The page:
TitleRecords of the Central Foundation Girls' School and Predecessors
Extent2 metres
AdminHistoryA small school for twenty boys had been set up in the parish of St. Botolph's, Bishopsgate in 1702. Little is known of this school except that it was evidently poor and struggling. The origins of the Central Foundation School can be traced to 1717 when Mary Turner left £100 apiece to eight charity schools to be chosen by her executors and 1718 when Jonathan Parker left £100 to the parish to be "applied towards the education and instruction of the poor children of the said parish". As a result two houses were bought in Artillery Lane in April 1726 and a school established for twenty girls and twenty boys. In 1732 £200 more was bequeathed and the Alderman, Deputy, and Common Councilmen of the Ward were included amongst the Trustees.

While many charity schools languished in the late eighteenth and early nineteenth centurues, the Bishopsgate Ward Schools (otherwise known as the St. Botolph Bishopsgate Charity Schools) prospered under an astute treasurer, Sir William Rawlins. Under his guidance, money was collected in the Ward in 1815 and in 1821 a large school-house for five or six hundred children was built in Peter Street on empty parish land. In 1837, when he was 82 years old, Rawlins gave the schools £1,000. By 1840 the national school opened in Liverpool Street had been absorbed.

The coming of the Great Eastern Railway made it necessary for the schools to move from Peter Street, and the money received in compensation for the site secured a new site on the very edge of the new railway line with a frontage to Primrose Street and Skinner Street where a large block of buildings was erected in 1873, including a parish hall and a new parsonage as well as school buildings. At this point the St. Ethelburga's Society's School was absorbed. This smaller charity school had existed in the Inner Ward since 1720. It was founded by members of the St. Ethelburga's Society (so called because its members were of St. Ethelburga's Parish, though it was quite independent of St. Ethelburga's Church. This school had been growing poor for years; an attempt to transform it into the Inner Ward School had failed, and with the coming of the School Board for London it was faced with death or absorption. The Trustees chose to amalgamate with the Bishopsgate Ward School.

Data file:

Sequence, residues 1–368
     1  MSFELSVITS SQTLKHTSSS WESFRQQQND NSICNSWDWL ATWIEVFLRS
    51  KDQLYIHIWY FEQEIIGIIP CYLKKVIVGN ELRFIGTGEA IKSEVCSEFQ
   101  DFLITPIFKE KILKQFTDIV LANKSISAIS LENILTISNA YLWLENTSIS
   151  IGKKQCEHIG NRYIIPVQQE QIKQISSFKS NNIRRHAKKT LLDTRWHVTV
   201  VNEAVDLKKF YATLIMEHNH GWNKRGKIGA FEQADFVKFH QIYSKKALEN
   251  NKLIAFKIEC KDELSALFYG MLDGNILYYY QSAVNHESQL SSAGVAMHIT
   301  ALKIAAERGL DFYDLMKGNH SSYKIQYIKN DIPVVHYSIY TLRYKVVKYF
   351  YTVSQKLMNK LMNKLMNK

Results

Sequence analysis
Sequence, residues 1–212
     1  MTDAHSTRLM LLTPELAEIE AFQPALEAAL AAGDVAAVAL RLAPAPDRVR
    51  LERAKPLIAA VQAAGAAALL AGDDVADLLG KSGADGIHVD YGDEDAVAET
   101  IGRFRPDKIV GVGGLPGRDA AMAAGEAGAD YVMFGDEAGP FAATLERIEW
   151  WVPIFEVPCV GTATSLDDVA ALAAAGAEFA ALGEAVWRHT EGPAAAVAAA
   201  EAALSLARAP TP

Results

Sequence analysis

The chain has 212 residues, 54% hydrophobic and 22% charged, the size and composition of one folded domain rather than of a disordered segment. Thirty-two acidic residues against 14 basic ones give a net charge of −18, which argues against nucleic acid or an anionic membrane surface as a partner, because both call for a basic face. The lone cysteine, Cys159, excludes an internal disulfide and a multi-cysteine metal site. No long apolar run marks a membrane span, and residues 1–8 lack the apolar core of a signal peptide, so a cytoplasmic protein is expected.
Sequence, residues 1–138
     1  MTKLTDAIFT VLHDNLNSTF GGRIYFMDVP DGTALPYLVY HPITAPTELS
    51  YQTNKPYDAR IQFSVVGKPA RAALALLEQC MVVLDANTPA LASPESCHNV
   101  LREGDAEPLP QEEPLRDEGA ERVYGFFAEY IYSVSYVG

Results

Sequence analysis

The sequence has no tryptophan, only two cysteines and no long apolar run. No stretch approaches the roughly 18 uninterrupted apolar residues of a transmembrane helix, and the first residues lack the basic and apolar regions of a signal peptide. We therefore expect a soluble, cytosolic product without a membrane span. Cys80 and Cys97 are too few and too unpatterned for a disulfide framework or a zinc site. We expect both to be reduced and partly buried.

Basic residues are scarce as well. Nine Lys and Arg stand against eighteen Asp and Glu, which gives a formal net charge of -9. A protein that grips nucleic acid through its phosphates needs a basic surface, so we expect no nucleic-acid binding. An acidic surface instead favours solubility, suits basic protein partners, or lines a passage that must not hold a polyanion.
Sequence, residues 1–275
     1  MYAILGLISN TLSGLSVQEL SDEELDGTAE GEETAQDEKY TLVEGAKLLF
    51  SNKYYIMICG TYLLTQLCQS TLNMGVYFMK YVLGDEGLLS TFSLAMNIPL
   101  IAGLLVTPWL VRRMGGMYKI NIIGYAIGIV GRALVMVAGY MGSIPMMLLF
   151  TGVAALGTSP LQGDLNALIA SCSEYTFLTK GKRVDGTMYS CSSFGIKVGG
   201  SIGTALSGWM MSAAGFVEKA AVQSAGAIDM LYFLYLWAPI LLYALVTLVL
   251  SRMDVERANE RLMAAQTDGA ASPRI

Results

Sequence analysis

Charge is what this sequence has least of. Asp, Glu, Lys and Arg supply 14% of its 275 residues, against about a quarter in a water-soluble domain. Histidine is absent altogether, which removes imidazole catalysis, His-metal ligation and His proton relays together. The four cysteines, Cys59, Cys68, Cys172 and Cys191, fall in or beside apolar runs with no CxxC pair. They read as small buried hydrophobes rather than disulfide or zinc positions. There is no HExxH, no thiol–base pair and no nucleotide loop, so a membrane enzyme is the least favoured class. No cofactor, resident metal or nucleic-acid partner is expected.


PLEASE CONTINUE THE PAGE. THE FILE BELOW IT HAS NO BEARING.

Initially the Charity children were accommodated on the ground floor of the new building, and upper departments for boys and girls were opened on the floors above, but, as elementary education was now effectively provided by the School Board for London, by about 1874 the Charity school effectively ceased. Under the guidance of the rector, the Rev. William Rogers, the Upper Girls and Upper Boys Schools prospered. In 1878 the first training college for secondary teachers in England, the Maria Gray Training College, was founded in the building of the Upper Girls School.

Further change resulted from the loss of the school site, again to the Great Eastern Railway, in 1889. The Boys School closed with those who wished it being transfered to the Middle Class Corporation Boys School in Cowper Street, St. Luke's, while the Girls School found temporary accommodation in Whitfield's Tabernacle in Tabernacle Street. In 1891 a new Foundation was created when the Governors of Alleyn's College of God's Gift at Dulwich re-endowed the Bishopsgate Upper Girls School and the Middle Class Corporation Boys School as The Central Foundation Schools of London. The new building in Spital Square was opened in 1892.

The Girls' School remained in Spital Square administered by the Trustees as a voluntary aided, non-denominational grammar school until the mid 1970s when the decision was taken to merge with Bowbrook Secondary Girls School and become a comprehensive. It had been hoped initially to build a purpose-built school on the site of Coborn School in Bow Road but in the end the old Coborn School buildings were utilised together with the former Coopers Company Boys School in Lichfield Road. The new school opened in September 1975.
Access StatusOpen
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